I am planing to build a ROV for underwater use and at this point I am concidering to have some water leak detection system for the electronics enclosure that has to withstand underwater pressures up to 5bar / 70psi / 500kPa.

From my research I found a nice solution from Blue Robotics called the SOS Leak Sensor that goes together with some SOS Probes.

The design and the description of the probes let me think a bit about how they function. In a section of the product description it says:

Each probe can be re-used a number of times if dried out and re-compressed, but once the tip degrades you can also get replacement SOS Probe Tips.

So the probe tips are made of a sponge material that is probably enriched with some sort of salt (one could simply use NaCl for that I think), that is going to rise the conductivity of any water that is going to touch and get soaked into the tip.

If I am right I think to replicate those probes would not be much of a problem.

Moving on to the circuit board (SOS Leak Sensor):

Here is the circuit diagram from the documentation.

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So far I understand that if any probe is going to short out, the circuit is going to switch the signal - that is pulled down by R3 - to high. But what are R1 and R2 doing exactly?

I need to know this because I still didn't get the relation of the conductivity/resistance of the water to where the circuit detects the "short out" and at what threshold.

I got some samples of the water in my local area, where I am planning to bring the ROV in use, and have poorly measured the resistance of them and some tap and distilled water for reference. I've used a multimeter for this and I did not had any rig to hold the two probes at a constant distance to each other but I tried my best holding them with my hand, so my measurements are not so constant. But here are some significant results:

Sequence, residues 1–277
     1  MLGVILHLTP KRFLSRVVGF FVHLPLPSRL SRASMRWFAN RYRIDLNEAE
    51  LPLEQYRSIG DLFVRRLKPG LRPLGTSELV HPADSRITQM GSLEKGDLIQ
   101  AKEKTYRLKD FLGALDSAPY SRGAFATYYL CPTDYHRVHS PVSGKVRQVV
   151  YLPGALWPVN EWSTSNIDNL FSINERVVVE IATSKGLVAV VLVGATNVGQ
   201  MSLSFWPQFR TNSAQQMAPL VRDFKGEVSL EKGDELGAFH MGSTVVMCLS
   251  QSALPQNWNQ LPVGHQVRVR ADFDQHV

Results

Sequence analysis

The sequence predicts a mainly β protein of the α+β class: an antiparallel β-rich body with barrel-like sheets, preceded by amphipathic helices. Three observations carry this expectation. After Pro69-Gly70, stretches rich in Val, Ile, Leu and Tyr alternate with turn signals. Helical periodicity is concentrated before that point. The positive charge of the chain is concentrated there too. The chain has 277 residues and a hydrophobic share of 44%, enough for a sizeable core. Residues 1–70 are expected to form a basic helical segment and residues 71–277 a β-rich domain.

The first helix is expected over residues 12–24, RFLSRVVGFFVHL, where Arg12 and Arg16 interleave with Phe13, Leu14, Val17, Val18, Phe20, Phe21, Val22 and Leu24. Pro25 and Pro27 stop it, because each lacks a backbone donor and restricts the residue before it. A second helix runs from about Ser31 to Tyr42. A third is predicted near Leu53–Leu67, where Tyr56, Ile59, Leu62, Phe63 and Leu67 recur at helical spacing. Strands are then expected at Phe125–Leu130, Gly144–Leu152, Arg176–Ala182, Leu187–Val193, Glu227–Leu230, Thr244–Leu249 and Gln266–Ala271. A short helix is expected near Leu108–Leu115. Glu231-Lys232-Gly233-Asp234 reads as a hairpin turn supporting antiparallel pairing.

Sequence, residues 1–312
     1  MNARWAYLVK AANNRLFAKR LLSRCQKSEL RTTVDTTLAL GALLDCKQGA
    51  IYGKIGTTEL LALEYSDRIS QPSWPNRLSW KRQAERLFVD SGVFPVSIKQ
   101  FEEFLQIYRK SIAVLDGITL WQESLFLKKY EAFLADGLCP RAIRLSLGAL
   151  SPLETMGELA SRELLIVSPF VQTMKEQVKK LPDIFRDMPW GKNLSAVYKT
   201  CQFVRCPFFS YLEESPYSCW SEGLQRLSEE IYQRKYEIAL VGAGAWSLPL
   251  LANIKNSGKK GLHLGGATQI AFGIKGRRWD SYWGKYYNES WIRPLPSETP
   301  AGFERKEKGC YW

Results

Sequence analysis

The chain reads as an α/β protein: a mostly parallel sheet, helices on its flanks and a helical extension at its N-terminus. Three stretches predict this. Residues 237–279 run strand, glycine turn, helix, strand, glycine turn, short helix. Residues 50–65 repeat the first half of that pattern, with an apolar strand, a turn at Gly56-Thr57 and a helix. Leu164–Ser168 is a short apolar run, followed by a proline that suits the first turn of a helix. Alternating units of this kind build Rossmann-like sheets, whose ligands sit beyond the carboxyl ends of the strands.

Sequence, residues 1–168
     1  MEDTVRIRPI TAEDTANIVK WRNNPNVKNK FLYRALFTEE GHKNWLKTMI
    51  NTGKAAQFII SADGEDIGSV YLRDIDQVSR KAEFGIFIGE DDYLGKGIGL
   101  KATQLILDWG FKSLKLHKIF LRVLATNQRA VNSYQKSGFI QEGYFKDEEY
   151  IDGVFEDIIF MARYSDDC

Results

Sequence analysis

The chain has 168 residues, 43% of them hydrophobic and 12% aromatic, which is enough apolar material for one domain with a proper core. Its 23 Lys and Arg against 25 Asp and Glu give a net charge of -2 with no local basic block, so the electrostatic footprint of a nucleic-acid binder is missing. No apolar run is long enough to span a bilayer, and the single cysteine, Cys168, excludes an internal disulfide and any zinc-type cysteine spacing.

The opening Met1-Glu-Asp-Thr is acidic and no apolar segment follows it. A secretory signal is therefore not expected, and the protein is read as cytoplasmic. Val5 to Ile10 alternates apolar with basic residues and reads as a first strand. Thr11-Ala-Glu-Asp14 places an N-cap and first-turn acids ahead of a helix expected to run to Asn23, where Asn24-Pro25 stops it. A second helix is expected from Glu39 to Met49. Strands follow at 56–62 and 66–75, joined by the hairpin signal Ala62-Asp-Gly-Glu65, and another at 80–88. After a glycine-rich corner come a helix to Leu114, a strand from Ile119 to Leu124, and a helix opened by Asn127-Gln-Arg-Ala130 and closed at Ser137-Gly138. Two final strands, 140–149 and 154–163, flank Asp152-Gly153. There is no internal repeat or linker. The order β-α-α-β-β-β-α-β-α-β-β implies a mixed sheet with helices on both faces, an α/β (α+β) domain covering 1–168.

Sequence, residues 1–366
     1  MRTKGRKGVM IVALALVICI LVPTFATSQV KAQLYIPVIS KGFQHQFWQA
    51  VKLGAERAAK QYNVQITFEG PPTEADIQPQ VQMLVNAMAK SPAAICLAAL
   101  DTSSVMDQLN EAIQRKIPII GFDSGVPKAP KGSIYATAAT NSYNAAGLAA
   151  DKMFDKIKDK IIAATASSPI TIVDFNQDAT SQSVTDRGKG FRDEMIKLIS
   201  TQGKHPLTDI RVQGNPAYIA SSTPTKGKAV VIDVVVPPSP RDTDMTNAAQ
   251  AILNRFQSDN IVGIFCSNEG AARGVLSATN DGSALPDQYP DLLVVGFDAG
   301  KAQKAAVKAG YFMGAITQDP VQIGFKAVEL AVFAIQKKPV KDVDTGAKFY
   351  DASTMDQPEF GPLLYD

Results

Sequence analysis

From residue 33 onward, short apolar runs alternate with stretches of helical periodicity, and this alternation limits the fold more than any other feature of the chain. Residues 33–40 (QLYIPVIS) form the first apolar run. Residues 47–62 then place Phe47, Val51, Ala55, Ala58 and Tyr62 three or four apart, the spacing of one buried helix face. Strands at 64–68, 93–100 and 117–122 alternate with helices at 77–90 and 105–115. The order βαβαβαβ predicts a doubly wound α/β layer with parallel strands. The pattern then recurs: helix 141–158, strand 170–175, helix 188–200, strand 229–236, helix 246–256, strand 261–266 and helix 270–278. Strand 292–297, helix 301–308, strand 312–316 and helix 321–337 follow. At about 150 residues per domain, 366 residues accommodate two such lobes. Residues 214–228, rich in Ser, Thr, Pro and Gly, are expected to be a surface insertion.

The sample water hat a resistance of something about 500kOhm (+-100kOhm) at a probe distance of about 5mm (tip to tip). I than added a pinch of salt into a little sample of the same water and measured about 40 to 30 kOhm.

So I am sure that I can get readings with homemade probes with at least 100kOhm resistance. But back to my question, how does these relate to the circuit shown above? do I need to make any adjustments to R1 and/or R2? And if I have to, how are the calculations for that?

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    \$\begingroup\$ Interesting problem. Since your ROV presumably has a wide variation in XYZ orientation, you will be needing multiple probes presumably in various corners. A simpler solution may be to monitor the pressure inside the chamber. \$\endgroup\$ – Trevor_G Aug 29 '17 at 15:11
  • \$\begingroup\$ Another alternative is to not worry about the pressure, vent the chamber and fill it with an appropriate oil. Though obviously all the individual components need to be able to withstand the pressures. \$\endgroup\$ – Trevor_G Aug 29 '17 at 15:16
  • \$\begingroup\$ I am planning to have a pressure sensor at the outside in addition to the water leak sensors on the inside. The point is that if I have a leak, my system should recover itself to the top of the water as soon as possible. If water gets into the electronics chamber, I am not worried about the electronics itself, since I am going to coat them with a suitable water protective coating ( silicone, wax, resin, ... ) as much as I can. but what I am worried about is the buoyancy of the ROV... \$\endgroup\$ – Ace Aug 29 '17 at 15:24